Casey sighed. This girl clearly wasn’t all there in the head. “Listen. He probably smells like Pokémon, but so do I and everyone else. We had just got out of a place infested with Pokémon, okay? I don’t know what you’re here for, so if you could just give me your name or get out of here, either one of those would be just fine with me.”

“I won’t leave,” said Amarachi.

“Well, then…” Casey’s patience was being tested for the fiftieth time since The Giratina Incident. “If you’re not going to leave, then what’s your name? At least tell me that.”

“If I told you what I am then I would be lying because I’m not that,” she replied.

Casey opened his mouth to reply, and then noticed the problems with the question ‘So what ARE you, then?’ according to his masked companion. “That makes no sense! If you’re something, then you’re that thing… but I’m not asking what you are. I mean, you’re human. Anyone can see that. I’m asking who you are. Who are you?”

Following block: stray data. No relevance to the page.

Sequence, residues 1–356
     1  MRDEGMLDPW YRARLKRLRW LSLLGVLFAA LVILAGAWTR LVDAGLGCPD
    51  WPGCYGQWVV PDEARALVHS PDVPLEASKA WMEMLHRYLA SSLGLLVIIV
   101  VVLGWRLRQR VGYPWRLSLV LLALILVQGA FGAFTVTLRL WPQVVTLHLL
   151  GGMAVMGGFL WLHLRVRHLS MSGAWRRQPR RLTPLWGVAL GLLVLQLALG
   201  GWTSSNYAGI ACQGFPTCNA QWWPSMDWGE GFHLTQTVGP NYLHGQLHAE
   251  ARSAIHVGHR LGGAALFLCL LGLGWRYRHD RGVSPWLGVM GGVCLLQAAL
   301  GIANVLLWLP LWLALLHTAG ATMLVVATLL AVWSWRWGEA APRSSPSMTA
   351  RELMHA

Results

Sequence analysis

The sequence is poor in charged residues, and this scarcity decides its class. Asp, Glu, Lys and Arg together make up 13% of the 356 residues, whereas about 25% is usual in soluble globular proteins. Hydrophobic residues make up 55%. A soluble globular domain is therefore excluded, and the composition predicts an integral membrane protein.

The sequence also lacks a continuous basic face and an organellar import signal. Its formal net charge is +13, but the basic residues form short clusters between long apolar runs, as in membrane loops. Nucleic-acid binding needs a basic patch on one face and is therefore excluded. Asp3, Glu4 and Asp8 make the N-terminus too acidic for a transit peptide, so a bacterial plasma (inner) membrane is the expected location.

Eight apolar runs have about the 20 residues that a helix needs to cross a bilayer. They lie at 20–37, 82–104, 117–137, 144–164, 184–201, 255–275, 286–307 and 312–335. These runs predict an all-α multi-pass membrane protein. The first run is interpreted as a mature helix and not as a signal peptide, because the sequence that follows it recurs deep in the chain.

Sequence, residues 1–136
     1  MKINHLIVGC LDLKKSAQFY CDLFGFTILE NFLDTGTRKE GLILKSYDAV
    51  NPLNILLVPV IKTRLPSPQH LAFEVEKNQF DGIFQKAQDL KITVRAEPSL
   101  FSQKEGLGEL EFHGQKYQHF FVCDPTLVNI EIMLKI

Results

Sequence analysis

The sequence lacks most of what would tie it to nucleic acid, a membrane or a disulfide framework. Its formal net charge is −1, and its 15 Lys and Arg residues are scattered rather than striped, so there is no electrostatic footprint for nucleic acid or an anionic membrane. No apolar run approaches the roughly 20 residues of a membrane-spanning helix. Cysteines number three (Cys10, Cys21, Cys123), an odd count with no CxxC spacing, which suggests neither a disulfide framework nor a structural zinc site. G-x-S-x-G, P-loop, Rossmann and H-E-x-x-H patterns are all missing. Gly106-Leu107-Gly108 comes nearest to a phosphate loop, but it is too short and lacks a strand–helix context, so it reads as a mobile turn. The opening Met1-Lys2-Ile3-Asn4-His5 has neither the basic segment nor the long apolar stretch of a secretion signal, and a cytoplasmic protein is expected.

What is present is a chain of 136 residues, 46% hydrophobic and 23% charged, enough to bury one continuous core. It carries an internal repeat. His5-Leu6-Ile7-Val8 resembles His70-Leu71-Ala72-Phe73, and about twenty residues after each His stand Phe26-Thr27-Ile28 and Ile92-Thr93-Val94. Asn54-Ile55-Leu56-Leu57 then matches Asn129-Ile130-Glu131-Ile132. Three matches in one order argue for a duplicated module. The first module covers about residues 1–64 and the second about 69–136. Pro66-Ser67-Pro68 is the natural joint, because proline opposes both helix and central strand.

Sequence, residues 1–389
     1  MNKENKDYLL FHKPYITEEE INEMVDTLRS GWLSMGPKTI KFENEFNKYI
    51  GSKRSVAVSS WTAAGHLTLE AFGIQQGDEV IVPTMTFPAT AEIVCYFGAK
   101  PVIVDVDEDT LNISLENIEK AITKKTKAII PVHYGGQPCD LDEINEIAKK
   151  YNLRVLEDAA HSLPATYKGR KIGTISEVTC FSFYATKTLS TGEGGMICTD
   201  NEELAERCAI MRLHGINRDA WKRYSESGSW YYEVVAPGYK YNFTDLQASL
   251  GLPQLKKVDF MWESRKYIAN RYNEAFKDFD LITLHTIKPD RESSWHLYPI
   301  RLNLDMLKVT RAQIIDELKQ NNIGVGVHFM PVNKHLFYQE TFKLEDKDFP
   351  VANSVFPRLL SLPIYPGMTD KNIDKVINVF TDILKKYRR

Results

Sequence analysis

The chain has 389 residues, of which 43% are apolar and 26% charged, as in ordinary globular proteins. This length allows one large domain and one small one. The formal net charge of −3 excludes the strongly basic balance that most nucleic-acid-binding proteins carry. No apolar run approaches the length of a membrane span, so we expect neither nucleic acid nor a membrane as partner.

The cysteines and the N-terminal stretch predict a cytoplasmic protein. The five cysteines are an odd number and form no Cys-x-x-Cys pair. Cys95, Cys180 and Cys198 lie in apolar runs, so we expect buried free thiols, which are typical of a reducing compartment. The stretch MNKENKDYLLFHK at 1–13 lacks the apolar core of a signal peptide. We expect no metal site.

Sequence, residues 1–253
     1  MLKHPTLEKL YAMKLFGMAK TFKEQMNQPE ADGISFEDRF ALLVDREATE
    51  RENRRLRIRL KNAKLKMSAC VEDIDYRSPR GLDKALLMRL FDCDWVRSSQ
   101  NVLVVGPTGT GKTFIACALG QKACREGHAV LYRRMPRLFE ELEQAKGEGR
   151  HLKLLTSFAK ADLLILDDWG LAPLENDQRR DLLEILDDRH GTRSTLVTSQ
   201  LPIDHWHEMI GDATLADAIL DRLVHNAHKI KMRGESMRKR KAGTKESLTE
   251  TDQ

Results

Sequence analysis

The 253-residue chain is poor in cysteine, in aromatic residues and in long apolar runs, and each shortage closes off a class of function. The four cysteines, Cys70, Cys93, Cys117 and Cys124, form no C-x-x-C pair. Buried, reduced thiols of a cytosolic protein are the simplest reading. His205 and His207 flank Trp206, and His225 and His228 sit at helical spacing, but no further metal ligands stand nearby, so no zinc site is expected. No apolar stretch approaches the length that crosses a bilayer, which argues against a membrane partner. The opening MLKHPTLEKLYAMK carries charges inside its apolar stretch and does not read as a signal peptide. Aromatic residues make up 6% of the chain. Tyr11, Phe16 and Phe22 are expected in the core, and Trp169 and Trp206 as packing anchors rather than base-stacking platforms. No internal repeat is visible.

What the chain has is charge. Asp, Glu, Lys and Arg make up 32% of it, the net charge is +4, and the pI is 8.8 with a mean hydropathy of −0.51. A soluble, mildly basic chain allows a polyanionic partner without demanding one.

Amarachi stared.

“Name?” he repeated impatiently.

Amarachi stared.

“What do you go by?” The boy was sufficiently steamed by now.

Amarachi stared.

Casey was about to begin shouting when he heard a sigh emanating from somewhere in the general area. He turned his attention (and rage) on the owner of that sigh.

“Giratina, what do you want?” he snapped into the Megaphone Rock.

“Whoa, whoa, watch it there,” came the reply from the Goddess of Never-Turn-Back. “Sorry I called at a bad time… but I just needed to tell you that resistance is futile.”

“What do you mean?” he snapped. “Are you playing alien now?!?”

“No,” the voice from the Megaphone Rock replied icily. “I’m just saying that she’s not easy to crack. Unless you just want to make your temper worse, back away from the girl and run back to your room, okay?